When you've been watching football for most of your adult life, you start to use that sport as a reference point when thinking about and analyzing other sports.
A goalkeeper may stretch for a shot in the box, and you might look at it as you would when a receiver is laying out for a pass over the middle. Or a midfielder may be gifted with long, arcing passes, and similar physics and geometry may come to mind as when you watch a quarterback throw the deep ball.
FiveThirtyEight, a website that uses deep data metrics to analyze politics, economics, sports, and more, tried to do just that with last Tuesday's 7-1 win by Germany over Brazil. What would be the equivalent in football?
Well, it would have to be the postseason, since this was a semifinal match. It would also have to be a win of at least 50 points. And the losing team would have to have scored a meaningless consolation touchdown.
And where does that leave us?
Neil Paine of FiveThirtyEight concluded that the closest comparison to Brazil's embarrassing display was Jacksonville's 62-7 playoff win over Miami in the 1999 playoffs:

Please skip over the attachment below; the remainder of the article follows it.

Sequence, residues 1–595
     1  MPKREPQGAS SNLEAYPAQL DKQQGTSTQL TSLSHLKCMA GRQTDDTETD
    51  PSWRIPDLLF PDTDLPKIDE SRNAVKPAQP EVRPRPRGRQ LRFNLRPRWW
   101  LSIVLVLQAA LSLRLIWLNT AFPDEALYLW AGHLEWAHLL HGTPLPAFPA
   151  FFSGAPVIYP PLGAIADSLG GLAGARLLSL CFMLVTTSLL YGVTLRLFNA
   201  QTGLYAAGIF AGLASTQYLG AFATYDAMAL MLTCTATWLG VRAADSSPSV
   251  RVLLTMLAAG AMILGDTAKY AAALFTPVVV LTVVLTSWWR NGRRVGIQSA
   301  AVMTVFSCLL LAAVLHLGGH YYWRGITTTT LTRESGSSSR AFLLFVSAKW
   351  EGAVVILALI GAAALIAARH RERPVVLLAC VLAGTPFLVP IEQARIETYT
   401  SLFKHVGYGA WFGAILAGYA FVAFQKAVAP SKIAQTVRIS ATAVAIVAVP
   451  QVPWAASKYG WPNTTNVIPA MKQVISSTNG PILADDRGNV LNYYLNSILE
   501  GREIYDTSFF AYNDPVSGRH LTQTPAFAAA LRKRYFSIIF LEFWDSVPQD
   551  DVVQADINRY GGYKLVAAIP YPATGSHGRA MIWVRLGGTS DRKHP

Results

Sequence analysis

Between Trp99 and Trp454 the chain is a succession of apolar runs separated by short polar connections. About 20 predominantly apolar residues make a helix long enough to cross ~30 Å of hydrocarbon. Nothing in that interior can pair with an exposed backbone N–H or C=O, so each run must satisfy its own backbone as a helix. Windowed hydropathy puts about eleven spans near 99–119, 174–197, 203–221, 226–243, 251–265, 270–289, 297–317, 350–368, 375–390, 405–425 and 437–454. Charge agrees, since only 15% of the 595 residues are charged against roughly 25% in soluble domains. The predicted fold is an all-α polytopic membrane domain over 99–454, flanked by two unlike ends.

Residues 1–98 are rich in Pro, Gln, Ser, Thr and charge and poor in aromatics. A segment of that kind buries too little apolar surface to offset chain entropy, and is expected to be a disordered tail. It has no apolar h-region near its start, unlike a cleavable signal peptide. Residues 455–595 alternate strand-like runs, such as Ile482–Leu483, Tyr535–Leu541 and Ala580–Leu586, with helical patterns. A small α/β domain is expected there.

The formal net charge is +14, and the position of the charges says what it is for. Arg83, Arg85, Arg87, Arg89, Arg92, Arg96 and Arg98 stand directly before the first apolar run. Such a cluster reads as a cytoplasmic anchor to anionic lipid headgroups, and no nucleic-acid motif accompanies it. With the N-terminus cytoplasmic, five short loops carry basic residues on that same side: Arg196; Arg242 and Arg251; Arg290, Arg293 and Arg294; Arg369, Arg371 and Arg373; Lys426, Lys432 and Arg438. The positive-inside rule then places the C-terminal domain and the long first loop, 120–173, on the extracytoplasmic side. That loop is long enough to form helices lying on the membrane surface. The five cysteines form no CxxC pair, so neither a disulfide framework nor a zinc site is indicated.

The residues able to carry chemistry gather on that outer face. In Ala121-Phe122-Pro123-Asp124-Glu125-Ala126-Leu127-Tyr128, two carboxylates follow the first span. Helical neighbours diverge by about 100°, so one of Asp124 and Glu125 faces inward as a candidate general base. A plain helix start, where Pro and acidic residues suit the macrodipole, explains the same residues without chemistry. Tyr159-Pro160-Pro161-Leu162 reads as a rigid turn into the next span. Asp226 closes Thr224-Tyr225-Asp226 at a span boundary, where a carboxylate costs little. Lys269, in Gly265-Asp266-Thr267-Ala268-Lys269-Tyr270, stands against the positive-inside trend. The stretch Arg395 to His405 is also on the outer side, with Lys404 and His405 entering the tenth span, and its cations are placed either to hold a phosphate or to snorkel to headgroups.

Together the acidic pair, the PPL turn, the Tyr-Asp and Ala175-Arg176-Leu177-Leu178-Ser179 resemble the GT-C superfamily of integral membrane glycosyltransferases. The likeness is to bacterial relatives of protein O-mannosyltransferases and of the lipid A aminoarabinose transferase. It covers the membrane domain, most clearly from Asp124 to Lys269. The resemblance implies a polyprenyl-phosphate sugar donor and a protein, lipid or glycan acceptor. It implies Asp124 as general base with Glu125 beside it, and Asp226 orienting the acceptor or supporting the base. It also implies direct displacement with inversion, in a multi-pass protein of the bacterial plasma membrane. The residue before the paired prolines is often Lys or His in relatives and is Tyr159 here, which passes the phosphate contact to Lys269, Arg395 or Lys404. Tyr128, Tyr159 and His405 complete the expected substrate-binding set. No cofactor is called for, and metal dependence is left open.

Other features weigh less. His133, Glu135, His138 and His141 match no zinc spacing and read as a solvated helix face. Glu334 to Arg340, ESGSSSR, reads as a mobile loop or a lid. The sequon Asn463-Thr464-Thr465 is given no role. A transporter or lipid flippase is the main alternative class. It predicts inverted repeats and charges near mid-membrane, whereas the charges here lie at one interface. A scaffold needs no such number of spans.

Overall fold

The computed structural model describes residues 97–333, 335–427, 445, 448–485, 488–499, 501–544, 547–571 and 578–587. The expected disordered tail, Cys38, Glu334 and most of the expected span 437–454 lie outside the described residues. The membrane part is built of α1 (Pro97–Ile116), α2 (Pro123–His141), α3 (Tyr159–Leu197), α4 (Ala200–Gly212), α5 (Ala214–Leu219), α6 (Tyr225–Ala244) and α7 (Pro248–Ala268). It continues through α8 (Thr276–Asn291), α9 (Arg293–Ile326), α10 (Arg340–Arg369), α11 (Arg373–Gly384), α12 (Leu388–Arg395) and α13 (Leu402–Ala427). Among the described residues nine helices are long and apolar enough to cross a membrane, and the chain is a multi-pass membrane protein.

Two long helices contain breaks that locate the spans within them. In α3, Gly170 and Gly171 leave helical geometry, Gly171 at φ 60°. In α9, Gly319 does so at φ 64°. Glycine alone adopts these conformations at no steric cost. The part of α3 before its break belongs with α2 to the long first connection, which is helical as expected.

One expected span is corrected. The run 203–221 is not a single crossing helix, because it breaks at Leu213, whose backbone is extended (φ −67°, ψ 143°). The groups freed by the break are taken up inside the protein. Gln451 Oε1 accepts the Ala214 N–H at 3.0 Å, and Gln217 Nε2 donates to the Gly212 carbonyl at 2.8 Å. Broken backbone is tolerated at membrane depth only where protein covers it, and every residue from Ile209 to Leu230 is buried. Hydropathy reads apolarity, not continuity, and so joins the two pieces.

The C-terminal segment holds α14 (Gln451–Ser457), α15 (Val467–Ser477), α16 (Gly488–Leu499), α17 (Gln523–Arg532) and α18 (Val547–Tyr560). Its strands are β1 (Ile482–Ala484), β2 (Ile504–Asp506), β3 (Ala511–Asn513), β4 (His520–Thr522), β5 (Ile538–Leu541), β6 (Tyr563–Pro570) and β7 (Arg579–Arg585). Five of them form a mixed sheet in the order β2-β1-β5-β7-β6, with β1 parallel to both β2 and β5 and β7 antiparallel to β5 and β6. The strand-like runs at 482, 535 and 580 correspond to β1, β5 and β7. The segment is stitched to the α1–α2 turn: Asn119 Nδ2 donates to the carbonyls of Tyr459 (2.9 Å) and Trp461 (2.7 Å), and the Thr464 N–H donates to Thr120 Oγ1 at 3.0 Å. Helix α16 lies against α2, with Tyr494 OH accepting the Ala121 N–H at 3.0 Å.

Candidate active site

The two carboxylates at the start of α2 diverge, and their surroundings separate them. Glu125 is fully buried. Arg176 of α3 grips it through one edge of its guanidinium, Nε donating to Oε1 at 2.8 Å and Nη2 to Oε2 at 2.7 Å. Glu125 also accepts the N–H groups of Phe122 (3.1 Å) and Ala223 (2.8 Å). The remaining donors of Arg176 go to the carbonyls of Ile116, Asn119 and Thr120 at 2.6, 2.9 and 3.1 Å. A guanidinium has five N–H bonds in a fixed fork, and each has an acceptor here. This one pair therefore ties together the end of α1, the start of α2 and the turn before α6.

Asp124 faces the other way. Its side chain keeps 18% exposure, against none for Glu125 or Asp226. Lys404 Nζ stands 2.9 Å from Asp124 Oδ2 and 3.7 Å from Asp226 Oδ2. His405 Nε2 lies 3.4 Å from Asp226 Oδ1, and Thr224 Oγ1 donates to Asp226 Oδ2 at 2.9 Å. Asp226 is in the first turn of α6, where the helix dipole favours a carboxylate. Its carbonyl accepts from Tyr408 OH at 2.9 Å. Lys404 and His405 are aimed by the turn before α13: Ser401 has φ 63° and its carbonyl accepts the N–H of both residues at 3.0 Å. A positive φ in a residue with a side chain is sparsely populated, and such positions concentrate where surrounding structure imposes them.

"Put in soccer terms, the Jaguars’ margin would have been 6.8 more goals than expected. But that’s nothing compared to the the 1940 NFL championship game between the Chicago Bears and Washington Redskins, which ended with the Bears winning 73-0 (on the road, no less). By soccer standards, that would be like winning by 10 more goals than expected, a mark Germany would have needed to pour on about three more goals to match."
Check out Paine's piece on FiveThirtyEight to read more about the formula he used to make the comparison and see how he compares Germany's 7-1 win over Brazil to other sports.